Natural light from windows or skylights can be very beneficial. Ensure window space is clear and clean and available. A Cornell University study found that eyestrain and headaches in employees are greatly reduced when they have the right amount of natural light in the office. When the wellness of employees is given importance, they become more productive.
Ensure that the natural light levels can be controlled throughout the day with functioning blinds. For offices lacking natural light, look at ceiling light panels which mimic skylights and consider the use of personal lamps such as those for Seasonal Affected Disorder.
When it comes to physical space, get flexible. Having the option to move furniture around easily to create different zones of activity means that the office works around people rather than employees having to shoehorn into fixed work-zones which may be entirely unsuitable. And make it clear that change and adaptation is encouraged. Decide yourself how best to implement that.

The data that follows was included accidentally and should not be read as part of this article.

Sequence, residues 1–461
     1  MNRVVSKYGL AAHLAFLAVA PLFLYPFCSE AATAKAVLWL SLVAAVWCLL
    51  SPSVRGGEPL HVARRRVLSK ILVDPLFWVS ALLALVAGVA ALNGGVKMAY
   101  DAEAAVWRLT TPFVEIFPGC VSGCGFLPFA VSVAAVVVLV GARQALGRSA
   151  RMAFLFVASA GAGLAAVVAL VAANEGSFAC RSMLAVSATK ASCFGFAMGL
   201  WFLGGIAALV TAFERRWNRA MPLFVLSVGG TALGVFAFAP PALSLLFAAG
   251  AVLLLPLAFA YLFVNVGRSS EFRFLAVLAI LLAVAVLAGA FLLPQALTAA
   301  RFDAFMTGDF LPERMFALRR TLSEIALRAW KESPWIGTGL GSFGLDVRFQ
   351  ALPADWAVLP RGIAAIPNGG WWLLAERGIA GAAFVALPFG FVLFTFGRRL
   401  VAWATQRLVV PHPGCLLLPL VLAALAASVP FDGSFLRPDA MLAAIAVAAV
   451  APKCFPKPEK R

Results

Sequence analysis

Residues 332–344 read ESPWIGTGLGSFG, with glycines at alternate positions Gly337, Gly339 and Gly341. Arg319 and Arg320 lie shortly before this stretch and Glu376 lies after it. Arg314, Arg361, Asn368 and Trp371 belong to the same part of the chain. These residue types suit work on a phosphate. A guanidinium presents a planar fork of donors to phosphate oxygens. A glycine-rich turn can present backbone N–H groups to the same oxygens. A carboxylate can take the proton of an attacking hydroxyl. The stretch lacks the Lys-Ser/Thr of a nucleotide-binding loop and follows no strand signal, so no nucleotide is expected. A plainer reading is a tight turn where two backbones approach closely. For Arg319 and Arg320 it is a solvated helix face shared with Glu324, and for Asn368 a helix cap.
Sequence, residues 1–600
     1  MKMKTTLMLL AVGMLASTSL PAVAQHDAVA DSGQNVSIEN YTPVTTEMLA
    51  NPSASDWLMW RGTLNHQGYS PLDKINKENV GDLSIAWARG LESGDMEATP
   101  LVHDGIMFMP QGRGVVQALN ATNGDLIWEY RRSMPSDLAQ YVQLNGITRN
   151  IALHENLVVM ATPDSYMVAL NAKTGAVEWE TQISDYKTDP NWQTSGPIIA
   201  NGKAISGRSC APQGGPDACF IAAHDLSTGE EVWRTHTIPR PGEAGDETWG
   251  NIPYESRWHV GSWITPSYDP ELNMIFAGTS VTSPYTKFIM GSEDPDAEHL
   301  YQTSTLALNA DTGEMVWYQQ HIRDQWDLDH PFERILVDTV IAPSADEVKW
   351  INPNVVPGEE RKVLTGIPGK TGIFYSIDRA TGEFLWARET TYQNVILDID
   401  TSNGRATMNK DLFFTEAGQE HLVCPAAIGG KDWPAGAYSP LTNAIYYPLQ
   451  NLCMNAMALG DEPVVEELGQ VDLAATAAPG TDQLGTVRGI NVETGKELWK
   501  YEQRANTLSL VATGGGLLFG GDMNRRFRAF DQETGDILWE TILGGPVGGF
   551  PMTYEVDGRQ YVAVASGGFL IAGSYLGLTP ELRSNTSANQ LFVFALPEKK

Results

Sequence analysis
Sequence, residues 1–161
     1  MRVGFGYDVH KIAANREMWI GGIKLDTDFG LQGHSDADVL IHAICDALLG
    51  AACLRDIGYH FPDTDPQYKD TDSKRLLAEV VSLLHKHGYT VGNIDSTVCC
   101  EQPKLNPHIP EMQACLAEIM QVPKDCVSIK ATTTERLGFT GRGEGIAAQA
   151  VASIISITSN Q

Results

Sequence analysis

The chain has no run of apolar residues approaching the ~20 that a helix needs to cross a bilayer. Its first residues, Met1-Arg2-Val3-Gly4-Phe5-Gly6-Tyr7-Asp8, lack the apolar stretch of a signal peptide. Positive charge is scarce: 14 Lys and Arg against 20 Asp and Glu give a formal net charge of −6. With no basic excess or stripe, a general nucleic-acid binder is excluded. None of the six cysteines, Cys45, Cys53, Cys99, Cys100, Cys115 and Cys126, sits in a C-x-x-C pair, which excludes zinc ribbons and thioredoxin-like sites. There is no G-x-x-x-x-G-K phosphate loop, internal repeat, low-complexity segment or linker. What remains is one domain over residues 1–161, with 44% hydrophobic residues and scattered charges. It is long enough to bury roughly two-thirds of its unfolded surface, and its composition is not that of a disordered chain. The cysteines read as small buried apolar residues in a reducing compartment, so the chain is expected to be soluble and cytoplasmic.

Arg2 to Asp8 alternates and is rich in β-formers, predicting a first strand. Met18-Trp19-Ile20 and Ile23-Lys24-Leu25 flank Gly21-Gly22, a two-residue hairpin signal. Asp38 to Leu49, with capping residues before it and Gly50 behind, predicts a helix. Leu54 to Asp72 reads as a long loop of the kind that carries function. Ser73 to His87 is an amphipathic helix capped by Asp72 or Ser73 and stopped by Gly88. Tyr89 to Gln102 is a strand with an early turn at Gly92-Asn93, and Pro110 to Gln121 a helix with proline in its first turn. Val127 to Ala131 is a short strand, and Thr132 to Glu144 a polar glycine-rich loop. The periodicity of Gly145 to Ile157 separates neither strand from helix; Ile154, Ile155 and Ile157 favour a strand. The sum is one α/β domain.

A mix of flexible seating options is key – from sit-stand desks to quiet pods and chairs which rock or vibrate – all allow the kind of choices which enhance inclusivity. Make sure there are options where people can work with their backs to a wall or are enclosed on 5 sides. These promote a feeling of safety and make the big open intimidating workspace feel smaller and more intimate.
Noise is recognised as the number one disturbance factor – particularly for neurodivergent individuals. The acoustics of an office play a key role in staff wellbeing and productivity.